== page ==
True confessions of a PM: I don't get Gantt charts. I've blogged before about how I'm not a visual person, so I'm sure that has something to do with it. Maybe my readers can educate me about how the Gantt chart adds value, but I frankly don't see it. I can't tell you how many hours of my life I've spent resizing MS Project schedules to print in a desperate, but ultimately futile, attempt to confine a multi-year schedule to an 8 x 11 friendly format.
Until now, I've kept my opinions on Gantt charts quietly to myself. But I can now step into the light, because, on a recent engagement, a senior executive's request for a Gantt chart inspired a collective groan from the project team. Not surprisingly, the typical grumblings about why this information was being requested ensued. The project team just wanted to be left alone to do their work. But then, one of the team members piped up, "Who even needs a Gantt chart anyway?" Bingo.
I don't dispute the need to keep senior executives informed of project progress. Maybe the project team wants to be left alone to do the work, but there's no such thing as working alone when you're on a change engagement. You'll quickly be alone--with no work to do--if the project sponsors aren't aware of the project's benefits. They'll pull the plug.
While I don't dispute the need for updates, what I do dispute is the tired Gantt chart view that we churn out without thinking. When a project sponsor asks for a Gantt chart, consider what he or she really wants to see. A 45-page printout of long bars extending into oblivion? Unless your project is simple enough that this type of view can be confined to one page, I'd ditch it. Here are some good alternatives to Gantt charts that'll dish the project dirt without requiring formatting gymnastics:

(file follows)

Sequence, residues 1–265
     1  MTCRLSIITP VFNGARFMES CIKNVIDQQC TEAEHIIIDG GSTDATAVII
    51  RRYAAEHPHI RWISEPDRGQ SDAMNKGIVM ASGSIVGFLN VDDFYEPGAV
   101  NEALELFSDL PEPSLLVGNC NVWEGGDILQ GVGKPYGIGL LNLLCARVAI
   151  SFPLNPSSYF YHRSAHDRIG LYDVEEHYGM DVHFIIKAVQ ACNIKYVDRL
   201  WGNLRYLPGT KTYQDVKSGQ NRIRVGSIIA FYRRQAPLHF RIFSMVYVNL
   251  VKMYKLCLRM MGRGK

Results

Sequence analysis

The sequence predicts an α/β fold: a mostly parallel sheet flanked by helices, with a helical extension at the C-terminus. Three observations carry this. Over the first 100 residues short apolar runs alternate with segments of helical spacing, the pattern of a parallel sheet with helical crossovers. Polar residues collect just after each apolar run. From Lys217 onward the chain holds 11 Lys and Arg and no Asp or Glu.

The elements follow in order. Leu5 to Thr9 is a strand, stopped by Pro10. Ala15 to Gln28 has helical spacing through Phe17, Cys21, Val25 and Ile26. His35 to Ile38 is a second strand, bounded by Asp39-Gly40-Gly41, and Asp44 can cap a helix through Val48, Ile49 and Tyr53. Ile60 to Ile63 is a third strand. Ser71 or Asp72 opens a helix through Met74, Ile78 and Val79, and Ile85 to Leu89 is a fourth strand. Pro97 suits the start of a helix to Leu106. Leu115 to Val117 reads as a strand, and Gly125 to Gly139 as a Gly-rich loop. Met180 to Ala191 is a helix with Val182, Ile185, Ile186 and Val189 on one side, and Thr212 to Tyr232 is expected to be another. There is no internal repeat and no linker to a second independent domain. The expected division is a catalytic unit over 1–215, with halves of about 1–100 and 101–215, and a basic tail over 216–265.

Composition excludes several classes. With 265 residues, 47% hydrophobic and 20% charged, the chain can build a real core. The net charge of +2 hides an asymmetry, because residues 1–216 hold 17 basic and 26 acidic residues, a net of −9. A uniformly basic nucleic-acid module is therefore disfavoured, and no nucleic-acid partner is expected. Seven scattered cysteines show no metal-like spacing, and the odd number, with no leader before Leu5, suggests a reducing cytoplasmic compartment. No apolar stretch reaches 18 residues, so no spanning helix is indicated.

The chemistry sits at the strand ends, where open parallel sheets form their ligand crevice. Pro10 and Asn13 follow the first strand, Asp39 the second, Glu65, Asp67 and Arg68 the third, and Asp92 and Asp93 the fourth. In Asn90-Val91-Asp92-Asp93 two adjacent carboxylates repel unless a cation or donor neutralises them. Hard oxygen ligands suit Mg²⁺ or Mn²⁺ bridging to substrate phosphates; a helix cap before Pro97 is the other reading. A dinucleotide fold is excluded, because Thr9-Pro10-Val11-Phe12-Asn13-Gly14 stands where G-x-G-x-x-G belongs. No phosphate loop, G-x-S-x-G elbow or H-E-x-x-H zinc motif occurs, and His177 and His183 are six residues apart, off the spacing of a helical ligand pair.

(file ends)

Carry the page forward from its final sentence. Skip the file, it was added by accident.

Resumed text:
A list of upcoming activities with dates is probably sufficient to let the executive know about upcoming project activities without flooding them with the details of how those activities will get done and by whom.
If your executive needs something a bit more visual, why not try a stoplight chart? Red is off track, yellow is at risk, green is on track. The Gantt chart's intent is to show planned project activities but also to let the executive know which items may be off schedule and why. Combining a milestone chart with a stoplight chart and/or risk register can answer the mail on this request.
Gantt Chart Made Simple
Sometimes, ranting against the Gantt just won't do. The sponsor wants a Gantt chart because he or she is used to seeing information in this format. In these instances, I urge you not to wrestle with the format print function on MS Project. Opt instead for this simple, free MS Excel Gantt chart template and populate it with the info relevant to your project. I personally find Excel a bit clunky for maintaining project schedules, so I'd probably only update it as often as you brief the sponsor.